Curing (setting) time shows the time required (at specific base material temperatures) before the fixture can be mounted and the anchor torqued and loaded. Rawlplug produces resins with slower and faster curing. Slow cure resins are termed ‘summer’ resins and are designed for higher base material temperatures, where anchors can be installed without the resin curing too fast – i.e before the metal element is fully installed. These are particularly useful in countries with higher ambient temperatures or when installing rebar when a longer working time is required. Fast cure or ‘winter’ resins are useful in reducing the time before the anchor can be loaded with low base material temperatures or they can be used for very fast curing at higher temperatures. The main advantage of this is that the anchor could possibly be torqued and loaded within one hour at a base material temperature of 21°C. However, be aware that as working time and curing time are related, winter (fast cure) resins will have very short working times at 21°C – possibly less than two minutes.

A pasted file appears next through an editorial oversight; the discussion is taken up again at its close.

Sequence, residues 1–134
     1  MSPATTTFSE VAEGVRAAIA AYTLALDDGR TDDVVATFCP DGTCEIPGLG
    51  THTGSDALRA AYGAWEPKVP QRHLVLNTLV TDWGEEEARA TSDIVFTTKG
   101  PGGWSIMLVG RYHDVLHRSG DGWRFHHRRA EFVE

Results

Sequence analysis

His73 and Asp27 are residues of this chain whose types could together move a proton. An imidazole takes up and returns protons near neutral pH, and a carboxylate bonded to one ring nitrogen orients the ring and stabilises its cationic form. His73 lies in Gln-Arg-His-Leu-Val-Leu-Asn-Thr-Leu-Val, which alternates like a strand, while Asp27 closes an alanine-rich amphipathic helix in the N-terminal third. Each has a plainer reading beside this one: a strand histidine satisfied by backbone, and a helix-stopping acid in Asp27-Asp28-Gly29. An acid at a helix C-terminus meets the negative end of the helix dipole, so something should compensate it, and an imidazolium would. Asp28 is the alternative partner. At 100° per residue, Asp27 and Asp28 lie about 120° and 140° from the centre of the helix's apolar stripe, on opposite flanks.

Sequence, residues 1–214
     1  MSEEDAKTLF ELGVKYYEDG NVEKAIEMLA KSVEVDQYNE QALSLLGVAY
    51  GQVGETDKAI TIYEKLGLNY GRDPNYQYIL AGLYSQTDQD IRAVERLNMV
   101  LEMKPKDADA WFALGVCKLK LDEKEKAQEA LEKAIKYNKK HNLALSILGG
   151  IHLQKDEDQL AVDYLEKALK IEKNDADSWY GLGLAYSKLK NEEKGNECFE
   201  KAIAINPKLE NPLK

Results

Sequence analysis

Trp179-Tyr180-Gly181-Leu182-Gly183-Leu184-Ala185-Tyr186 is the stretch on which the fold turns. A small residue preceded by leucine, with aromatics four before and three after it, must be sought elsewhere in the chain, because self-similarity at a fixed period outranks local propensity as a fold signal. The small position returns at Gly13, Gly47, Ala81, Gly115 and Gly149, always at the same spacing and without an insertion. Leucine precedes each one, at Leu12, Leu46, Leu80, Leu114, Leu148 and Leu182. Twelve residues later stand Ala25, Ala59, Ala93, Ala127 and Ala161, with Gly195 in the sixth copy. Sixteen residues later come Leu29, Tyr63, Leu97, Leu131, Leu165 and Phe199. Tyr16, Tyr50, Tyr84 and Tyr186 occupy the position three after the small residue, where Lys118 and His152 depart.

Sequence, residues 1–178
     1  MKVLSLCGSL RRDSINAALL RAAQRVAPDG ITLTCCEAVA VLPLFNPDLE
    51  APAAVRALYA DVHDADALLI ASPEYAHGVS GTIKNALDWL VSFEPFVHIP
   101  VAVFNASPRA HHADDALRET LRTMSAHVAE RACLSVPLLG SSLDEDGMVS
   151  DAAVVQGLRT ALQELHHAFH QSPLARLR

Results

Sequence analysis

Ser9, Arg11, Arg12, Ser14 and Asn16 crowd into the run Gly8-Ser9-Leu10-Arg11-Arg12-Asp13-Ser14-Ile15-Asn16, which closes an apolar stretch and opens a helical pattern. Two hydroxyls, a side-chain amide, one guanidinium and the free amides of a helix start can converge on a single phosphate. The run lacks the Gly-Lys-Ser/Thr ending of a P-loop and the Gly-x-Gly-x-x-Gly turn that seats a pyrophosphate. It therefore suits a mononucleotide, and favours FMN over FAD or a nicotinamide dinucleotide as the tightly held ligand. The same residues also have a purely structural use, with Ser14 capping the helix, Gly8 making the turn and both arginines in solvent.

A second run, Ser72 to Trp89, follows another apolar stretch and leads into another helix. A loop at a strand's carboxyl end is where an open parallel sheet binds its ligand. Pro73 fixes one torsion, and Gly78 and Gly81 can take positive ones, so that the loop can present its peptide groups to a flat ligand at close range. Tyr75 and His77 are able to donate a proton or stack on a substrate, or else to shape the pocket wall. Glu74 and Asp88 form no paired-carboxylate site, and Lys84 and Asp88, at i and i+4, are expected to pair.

There are also a number of problems that can arise when installing a bonded anchor. For injection systems, the resin could not be fully cured, which has many causes. These include not discarding a sufficient volume of resin before pumping the hole; an expired or out of date resin; as well as not using the correct mixing nozzle. A high base material temperature may also not allow sufficient time to install the metal element. However, too low of a base material temperature may prevent the resin from curing or extend the curing time.